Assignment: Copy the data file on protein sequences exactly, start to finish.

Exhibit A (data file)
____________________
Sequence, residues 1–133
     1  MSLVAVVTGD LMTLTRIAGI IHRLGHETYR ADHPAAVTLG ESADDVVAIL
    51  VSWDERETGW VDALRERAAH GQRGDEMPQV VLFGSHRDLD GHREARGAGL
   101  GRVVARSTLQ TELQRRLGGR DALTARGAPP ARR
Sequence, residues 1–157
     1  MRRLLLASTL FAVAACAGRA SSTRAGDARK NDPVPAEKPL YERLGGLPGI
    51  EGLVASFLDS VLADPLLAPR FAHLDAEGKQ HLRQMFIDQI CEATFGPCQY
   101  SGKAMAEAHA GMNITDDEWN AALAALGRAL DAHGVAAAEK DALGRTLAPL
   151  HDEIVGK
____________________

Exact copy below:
Sequence, residues 1–133
     1  MSLVAVVTGD LMTLTRIAGI IHRLGHETYR ADHPAAVTLG ESADDVVAIL
    51  VSWDERETGW VDALRERAAH GQRGDEMPQV VLFGSHRDLD GHREARGAGL
   101  GRVVARSTLQ TELQRRLGGR DALTARGAPP ARR
Sequence, residues 1–157
     1  MRRLLLASTL FAVAACAGRA SSTRAGDARK NDPVPAEKPL YERLGGLPGI
    51  EGLVASFLDS VLADPLLAPR FAHLDAEGKQ HLRQMFIDQI CEATFGPCQY
   101  SGKAMAEAHA GMNITDDEWN AALAALGRAL DAHGVAAAEK DALGRTLAPL
   151  HDEIVGK